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Restrictions on election campaign financing would be most perceptible in Greater Helsinki area
The task force on party and election campaign financing chaired by Lauri Tarasti is proposing a ceiling on spending on election campaigns, both for parties and for individual candidates.
In practice, the restrictions would apply only to paid media advertising.
The content of the proposed legislation is to be finalised in negotiations among the four government parties.
The planned ceiling on spending would have the most perceptible consequences in the Greater Helsinki area, which has the largest number of candidates and where campaigning costs are the highest.
In last year’s municipal elections, the number of campaigns in excess of the proposed spending limit of EUR 10,000 for individual candidates was six in Turku and three in Tampere.
In Helsinki, the number of major campaigns was considerably higher.
The National Coalition Party and the Swedish People’s Party oppose a ceiling.
Among the government parties, the Centre Party and the Green League as well as the largest opposition party the Social Democratic Party are all in favour of the proposed ceiling.
Some National Coalition Party MPs argue that EUR 10,000 may be a sufficient sum for a large-scale campaign in Central Finland, while in Helsinki it would not be enough.
Jan Vapaavuori (National Coalition Party) argues that such ceilings could have a greater impact on the internal competition between a party’s candidates than on the relative strength of various parties.
Party Secretary Taru Tujunen (National Coalition Party) considers that the incumbent MPs are bound to get more publicity, which is not fair for new candidates.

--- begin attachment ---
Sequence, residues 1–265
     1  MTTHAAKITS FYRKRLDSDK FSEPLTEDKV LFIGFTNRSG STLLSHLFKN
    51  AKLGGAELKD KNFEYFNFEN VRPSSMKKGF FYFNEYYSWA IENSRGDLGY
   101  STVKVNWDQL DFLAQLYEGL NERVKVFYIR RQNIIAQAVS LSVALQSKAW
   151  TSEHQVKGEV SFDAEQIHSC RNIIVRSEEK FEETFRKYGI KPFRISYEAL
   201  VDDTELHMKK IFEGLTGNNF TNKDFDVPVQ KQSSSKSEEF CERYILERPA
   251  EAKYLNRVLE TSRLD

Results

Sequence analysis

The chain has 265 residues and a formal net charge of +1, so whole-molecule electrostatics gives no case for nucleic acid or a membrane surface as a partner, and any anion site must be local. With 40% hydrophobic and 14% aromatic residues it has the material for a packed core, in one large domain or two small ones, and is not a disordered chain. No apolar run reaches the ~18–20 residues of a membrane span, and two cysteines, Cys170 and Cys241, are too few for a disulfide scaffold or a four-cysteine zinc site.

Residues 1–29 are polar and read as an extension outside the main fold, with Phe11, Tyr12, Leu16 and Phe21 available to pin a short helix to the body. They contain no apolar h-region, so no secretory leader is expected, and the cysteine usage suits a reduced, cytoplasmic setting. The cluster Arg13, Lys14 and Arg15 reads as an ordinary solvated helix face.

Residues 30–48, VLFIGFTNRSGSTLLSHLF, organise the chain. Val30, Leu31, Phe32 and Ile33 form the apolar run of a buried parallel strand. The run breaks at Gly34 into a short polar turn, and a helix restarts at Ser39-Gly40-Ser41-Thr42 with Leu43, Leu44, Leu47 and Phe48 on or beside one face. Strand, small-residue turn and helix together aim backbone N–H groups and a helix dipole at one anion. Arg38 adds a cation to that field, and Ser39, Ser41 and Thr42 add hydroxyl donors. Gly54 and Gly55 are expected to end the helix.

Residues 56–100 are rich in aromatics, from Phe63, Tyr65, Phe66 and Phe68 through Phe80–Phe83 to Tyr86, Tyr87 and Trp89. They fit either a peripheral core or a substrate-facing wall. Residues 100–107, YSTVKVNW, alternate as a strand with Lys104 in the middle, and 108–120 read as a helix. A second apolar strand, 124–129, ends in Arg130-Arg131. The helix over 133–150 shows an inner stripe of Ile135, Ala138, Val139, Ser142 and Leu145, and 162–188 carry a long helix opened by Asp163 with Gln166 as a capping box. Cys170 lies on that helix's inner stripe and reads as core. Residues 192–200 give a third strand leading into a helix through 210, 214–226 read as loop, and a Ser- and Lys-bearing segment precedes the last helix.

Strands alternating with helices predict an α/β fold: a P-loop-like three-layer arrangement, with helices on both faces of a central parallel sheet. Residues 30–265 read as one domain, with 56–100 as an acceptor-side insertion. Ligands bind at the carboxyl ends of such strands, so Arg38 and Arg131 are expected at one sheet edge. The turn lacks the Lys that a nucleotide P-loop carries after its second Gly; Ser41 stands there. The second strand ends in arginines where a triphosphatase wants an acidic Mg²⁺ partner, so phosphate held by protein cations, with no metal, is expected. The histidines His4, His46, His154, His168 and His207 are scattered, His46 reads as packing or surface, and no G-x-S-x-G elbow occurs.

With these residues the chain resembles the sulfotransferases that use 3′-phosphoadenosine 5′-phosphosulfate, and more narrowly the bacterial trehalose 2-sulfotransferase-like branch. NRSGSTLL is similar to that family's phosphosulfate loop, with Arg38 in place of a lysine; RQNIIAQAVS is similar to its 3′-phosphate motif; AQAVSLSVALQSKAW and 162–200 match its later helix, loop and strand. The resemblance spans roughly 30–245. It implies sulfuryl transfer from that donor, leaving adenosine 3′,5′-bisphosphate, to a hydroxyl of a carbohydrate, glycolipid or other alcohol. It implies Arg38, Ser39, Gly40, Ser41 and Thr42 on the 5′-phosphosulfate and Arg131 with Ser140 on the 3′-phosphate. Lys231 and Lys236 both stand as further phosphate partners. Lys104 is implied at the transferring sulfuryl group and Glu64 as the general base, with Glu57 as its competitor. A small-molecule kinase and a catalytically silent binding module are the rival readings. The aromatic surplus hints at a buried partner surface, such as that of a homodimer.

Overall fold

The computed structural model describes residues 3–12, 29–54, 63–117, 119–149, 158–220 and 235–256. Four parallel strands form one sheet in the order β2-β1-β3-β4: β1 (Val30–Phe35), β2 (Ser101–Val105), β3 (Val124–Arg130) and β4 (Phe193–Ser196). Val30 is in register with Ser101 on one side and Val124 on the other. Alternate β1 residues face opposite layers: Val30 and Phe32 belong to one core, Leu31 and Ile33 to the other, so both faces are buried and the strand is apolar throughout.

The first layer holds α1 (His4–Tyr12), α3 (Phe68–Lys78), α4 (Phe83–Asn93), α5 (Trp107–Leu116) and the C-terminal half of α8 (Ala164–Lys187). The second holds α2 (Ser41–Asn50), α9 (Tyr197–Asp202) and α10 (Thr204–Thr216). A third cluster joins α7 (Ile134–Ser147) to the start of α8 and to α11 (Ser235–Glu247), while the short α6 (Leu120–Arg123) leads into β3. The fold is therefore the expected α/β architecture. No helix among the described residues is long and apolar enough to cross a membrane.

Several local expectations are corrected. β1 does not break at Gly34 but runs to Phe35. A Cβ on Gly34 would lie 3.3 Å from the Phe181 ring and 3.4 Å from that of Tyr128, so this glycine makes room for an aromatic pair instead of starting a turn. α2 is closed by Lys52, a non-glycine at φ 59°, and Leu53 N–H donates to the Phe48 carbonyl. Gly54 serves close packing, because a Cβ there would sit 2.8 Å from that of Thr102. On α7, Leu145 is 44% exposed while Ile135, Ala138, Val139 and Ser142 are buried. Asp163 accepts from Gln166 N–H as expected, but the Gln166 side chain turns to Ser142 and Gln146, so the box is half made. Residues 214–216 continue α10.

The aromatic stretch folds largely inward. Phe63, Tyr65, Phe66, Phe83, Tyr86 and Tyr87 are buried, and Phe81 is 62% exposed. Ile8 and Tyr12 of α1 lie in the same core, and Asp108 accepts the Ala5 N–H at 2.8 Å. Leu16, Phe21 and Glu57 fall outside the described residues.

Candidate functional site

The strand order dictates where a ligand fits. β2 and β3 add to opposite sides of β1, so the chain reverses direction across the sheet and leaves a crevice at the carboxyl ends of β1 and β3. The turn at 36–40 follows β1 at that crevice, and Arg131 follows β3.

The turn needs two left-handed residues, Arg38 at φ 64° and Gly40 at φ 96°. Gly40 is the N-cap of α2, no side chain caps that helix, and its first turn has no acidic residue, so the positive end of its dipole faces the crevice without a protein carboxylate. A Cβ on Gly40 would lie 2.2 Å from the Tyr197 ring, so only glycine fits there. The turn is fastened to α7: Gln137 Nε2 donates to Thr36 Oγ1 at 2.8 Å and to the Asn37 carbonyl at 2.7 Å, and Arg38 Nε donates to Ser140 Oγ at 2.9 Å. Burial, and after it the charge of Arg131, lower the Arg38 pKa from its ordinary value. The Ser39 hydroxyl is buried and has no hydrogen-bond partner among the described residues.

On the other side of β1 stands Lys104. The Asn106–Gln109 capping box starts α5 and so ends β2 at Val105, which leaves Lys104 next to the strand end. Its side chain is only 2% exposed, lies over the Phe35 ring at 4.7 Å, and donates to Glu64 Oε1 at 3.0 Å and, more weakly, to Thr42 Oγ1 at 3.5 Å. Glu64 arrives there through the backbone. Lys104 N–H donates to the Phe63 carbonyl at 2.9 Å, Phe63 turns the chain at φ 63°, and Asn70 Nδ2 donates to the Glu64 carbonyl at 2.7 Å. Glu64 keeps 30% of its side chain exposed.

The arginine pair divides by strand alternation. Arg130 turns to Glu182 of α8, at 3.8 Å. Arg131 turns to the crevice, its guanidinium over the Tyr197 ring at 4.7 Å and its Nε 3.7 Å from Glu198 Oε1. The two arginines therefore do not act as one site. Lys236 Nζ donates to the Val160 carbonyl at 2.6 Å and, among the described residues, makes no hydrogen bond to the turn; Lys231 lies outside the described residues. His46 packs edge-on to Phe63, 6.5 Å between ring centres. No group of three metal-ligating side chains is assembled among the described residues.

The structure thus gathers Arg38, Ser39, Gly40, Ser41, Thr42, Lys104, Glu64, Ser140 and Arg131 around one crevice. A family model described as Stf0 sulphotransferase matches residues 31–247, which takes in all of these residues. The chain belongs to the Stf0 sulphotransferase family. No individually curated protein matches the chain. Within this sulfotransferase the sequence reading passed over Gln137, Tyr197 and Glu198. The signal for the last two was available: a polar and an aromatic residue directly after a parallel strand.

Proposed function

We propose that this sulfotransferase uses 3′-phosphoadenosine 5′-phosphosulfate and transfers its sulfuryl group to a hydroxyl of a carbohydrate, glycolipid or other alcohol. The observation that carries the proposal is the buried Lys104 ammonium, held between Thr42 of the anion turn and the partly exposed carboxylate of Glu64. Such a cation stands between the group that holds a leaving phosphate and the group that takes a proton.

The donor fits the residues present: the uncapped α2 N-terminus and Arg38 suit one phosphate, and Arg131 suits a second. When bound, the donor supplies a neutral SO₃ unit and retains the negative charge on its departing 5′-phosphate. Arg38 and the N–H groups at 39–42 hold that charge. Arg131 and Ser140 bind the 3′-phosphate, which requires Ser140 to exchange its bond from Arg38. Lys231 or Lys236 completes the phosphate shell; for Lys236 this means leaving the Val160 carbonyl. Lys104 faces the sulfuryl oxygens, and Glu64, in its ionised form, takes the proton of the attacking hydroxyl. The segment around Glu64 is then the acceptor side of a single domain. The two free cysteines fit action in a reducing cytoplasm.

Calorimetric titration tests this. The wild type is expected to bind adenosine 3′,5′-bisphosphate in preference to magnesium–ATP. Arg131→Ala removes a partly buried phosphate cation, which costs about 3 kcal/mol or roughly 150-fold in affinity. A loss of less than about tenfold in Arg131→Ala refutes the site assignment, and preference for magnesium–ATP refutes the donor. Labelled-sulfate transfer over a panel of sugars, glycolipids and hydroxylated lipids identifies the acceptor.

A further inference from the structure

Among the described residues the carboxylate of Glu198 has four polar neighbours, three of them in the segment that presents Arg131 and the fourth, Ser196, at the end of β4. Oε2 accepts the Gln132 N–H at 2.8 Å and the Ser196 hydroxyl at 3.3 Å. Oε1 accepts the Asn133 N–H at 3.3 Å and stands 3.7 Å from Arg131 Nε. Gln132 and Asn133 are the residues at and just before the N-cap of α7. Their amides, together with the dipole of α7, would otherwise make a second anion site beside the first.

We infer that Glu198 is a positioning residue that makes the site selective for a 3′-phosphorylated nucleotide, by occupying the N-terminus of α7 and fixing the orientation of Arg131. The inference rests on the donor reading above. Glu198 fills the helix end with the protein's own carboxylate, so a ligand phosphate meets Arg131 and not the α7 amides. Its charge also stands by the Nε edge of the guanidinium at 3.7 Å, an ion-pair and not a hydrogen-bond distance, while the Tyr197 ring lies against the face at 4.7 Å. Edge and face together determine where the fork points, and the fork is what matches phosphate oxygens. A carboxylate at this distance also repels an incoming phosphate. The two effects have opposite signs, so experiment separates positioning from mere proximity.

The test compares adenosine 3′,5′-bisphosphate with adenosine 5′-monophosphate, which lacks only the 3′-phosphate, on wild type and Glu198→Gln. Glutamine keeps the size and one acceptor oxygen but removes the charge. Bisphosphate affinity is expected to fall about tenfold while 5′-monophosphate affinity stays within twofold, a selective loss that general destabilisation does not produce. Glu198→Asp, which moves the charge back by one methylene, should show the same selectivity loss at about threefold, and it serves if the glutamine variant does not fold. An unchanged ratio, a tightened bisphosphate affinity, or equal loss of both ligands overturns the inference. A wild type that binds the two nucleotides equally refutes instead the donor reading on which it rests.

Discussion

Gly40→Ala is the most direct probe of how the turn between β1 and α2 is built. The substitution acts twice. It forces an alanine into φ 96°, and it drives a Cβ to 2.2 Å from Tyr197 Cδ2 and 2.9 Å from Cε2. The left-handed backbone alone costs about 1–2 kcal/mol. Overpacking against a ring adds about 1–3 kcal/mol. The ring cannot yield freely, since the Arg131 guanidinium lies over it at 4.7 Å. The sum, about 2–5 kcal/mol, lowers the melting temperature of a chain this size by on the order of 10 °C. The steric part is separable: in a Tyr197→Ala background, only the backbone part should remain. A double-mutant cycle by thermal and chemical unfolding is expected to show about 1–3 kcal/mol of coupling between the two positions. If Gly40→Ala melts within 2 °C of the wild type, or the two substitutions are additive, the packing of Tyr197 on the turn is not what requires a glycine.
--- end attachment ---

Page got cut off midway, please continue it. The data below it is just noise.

The proposal completed on Tuesday by Tarasti’s task force on party and election campaign financing has also met with criticism from the commercial media and constitutional experts.
Mikael Pentikäinen, Chairman of the Finnish Newspapers Association and President of Sanoma News, also discusssed the aspect of freedom of speech.
”A society does not develop unless it has an opportunity to enter into a dialogue on the content of politics and the characters of influential persons”, Pentikäinen said in his statement.
In an interview with the Finnish News Agency (STT), professor emeritus of constitutional law Ilkka Saraviita also said that the planned ceiling on spending on election campaigns is problematic when it comes to freedom of speech.
According to Saraviita, the proposed campaign limits are also related to the right to vote in political elections. This right is one of the civil rights.
”There are no precedents. The question is difficult and not easy to interpret, but it will be up to the Constitutional Law Committee to handle the issue in due time”, Saraviita concluded.